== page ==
The news we received last month shows that more and more companies and logistics service providers are focusing on sustainability with innovations like electric catenaries for trucks, smart delivery boxes, emission-free deliveries, etc. WDP fully supports these initiatives, which is why we’re showcasing them in this month’s WDP Digest.
#1 Germany opens first eHighway for trucks
The first motorway for hybrid trucks was opened in Germany. The system was designed by Siemens and resembles the system for trams: the trucks draw electricity via an overhead line between Frankfurt and Darmstadt. You can read more about the first eHighway in Germany on edition.cnn.com.
#2 Fresh produce in a smart box for the last mile
Having your groceries delivered to your home is no longer a novelty. But getting fresh products from several supermarkets in a single delivery is, which is why cloud provider The Chain Never Stops and IT company DXC Technology teamed up to develop a smart box. Read about how the smart box manages to make the last mile more efficient on logistiek.nl.
#3 PostNL expands emission-free transport of business goods
Like WDP, PostNL encourages customers to emit as little CO₂ as possible. They have been proving this since 2017, by working together with SimplyMile to deliver business goods in the city centre of Amsterdam free of emissions. As of this year, they will also be doing so in Groningen, The Hague, Maastricht, Utrecht, and Nijmegen. A further ten cities will follow in 2020. Read about which vehicles PostNL is using for to emission-free city distribution on logistiekprofs.nl.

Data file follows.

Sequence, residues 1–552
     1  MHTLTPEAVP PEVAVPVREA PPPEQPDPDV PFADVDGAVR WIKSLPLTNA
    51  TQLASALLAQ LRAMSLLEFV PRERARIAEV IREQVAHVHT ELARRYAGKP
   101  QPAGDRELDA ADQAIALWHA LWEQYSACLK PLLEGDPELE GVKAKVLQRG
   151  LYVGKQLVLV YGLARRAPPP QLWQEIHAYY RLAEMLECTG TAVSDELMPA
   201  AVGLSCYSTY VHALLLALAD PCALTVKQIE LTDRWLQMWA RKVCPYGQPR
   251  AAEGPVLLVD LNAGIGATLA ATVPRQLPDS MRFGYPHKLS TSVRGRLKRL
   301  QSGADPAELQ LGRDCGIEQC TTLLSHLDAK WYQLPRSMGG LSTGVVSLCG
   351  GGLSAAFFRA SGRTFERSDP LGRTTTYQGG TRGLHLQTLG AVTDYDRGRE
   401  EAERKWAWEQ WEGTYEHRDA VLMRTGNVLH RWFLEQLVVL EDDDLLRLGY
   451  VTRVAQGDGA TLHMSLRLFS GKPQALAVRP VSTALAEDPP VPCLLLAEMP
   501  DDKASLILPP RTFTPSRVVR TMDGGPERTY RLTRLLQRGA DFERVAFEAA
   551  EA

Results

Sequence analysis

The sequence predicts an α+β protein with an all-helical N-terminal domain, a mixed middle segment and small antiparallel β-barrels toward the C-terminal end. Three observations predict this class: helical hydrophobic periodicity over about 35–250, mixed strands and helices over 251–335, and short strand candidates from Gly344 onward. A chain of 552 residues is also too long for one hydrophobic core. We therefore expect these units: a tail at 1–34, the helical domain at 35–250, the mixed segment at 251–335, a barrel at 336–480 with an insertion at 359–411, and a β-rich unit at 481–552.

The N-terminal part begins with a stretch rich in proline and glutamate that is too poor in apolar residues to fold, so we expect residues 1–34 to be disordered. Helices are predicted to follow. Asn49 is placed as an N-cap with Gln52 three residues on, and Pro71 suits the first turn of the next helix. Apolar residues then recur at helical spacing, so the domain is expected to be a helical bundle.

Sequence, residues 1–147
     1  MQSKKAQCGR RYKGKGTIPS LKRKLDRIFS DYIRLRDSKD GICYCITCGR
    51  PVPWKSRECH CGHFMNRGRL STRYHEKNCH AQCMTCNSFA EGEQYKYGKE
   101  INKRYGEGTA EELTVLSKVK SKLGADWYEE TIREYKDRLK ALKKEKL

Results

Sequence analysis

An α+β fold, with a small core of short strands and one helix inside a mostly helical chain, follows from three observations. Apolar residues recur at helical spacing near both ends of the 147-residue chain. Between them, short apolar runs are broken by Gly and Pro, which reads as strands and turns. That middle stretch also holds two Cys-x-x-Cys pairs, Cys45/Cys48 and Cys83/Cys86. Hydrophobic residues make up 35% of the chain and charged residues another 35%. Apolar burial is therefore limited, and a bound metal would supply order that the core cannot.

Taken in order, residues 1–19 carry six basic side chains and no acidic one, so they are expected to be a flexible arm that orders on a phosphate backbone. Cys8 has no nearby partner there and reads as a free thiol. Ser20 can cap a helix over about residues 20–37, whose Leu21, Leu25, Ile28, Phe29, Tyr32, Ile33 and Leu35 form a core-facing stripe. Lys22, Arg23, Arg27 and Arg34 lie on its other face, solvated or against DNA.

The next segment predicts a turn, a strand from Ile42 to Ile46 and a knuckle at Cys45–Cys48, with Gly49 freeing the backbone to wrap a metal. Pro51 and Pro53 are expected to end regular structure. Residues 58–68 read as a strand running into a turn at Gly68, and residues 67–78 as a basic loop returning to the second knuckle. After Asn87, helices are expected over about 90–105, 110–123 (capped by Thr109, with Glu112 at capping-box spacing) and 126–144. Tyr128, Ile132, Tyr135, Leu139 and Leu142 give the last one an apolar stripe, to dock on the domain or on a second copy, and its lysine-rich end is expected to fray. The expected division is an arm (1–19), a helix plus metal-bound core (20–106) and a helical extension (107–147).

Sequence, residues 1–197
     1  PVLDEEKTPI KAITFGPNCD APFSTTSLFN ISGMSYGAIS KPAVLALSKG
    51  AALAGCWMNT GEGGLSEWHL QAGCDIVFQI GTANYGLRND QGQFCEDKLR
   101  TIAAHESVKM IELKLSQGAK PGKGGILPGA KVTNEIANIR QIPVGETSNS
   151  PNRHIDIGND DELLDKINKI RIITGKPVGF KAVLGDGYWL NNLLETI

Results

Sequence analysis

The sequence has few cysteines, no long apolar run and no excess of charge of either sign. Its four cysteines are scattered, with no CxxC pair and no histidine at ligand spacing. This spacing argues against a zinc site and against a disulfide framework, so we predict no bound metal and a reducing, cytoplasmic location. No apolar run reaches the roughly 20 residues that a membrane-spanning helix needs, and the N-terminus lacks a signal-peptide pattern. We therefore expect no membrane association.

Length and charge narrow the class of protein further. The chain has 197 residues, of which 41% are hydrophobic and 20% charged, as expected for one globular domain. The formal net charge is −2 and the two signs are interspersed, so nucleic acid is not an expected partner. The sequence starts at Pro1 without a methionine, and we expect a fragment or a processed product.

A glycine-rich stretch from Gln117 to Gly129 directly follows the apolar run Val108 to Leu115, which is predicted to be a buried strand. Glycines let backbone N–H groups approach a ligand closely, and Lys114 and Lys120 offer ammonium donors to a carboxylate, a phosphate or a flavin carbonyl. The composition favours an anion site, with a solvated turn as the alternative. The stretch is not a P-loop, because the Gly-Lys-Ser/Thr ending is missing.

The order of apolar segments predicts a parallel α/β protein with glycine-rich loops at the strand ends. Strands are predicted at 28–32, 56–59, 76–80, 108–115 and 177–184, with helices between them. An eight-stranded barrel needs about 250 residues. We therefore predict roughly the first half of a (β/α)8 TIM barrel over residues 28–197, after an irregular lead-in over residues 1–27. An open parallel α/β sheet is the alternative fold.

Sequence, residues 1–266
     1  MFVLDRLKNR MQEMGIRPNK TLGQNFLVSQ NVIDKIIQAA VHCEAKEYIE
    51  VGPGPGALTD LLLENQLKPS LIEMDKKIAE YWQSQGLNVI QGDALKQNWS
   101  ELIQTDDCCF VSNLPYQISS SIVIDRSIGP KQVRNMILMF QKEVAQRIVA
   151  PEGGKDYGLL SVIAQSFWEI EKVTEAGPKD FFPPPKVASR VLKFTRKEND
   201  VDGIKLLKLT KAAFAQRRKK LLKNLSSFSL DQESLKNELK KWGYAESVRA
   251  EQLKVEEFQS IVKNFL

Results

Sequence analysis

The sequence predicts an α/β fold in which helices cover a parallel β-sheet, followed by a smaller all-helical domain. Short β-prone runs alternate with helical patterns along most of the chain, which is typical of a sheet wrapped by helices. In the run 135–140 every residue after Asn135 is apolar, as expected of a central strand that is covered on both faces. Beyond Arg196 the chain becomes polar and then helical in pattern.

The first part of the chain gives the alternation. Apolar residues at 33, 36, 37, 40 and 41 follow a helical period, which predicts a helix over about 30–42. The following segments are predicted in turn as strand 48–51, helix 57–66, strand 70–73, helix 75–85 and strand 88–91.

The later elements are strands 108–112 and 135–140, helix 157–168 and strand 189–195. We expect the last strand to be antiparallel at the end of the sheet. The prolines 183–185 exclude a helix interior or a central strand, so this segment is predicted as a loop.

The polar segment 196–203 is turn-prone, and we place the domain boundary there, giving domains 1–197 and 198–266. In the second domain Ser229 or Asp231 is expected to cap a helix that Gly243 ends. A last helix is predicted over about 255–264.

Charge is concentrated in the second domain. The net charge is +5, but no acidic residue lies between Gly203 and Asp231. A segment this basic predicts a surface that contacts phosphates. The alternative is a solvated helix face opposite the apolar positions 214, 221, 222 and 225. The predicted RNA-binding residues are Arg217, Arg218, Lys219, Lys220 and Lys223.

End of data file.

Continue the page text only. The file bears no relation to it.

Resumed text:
#4 Scania designs electric autonomous urban vehicle
The transition to a sustainable transport system in cities seems to be a step closer. Because automotive company Scania has designed an urban vehicle that takes commuters to work, as well as collects and disposes of goods or waste. Read more about the advantages of Scania’s electric autonomous urban vehicle concept on logistiek.nl.
#5 Are exoskeletons the future?
Exoskeletons are robotic suits that have already proven their usefulness in rehabilitation in the healthcare sector. Together with fourteen companies, the Innovation Platform (VIL) is now investigating whether the technology can also be useful as a tool for logistics employees who carry out demanding manual tasks. It’s in the pipelines according to VIL! Read more about the ‘Exoskeletons for logistics’ project on logistiekprofs.nl.